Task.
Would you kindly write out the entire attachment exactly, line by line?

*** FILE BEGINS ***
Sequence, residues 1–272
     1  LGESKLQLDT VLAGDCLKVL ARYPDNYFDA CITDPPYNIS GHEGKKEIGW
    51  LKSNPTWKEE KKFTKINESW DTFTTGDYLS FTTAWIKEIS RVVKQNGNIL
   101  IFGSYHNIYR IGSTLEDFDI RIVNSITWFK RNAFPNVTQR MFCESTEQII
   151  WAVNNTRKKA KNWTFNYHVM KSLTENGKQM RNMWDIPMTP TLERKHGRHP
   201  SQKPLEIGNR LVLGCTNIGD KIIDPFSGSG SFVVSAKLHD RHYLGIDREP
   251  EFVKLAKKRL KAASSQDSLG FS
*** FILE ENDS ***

Sequence, residues 1–272
     1  LGESKLQLDT VLAGDCLKVL ARYPDNYFDA CITDPPYNIS GHEGKKEIGW
    51  LKSNPTWKEE KKFTKINESW DTFTTGDYLS FTTAWIKEIS RVVKQNGNIL
   101  IFGSYHNIYR IGSTLEDFDI RIVNSITWFK RNAFPNVTQR MFCESTEQII
   151  WAVNNTRKKA KNWTFNYHVM KSLTENGKQM RNMWDIPMTP TLERKHGRHP
   201  SQKPLEIGNR LVLGCTNIGD KIIDPFSGSG SFVVSAKLHD RHYLGIDREP
   251  EFVKLAKKRL KAASSQDSLG FS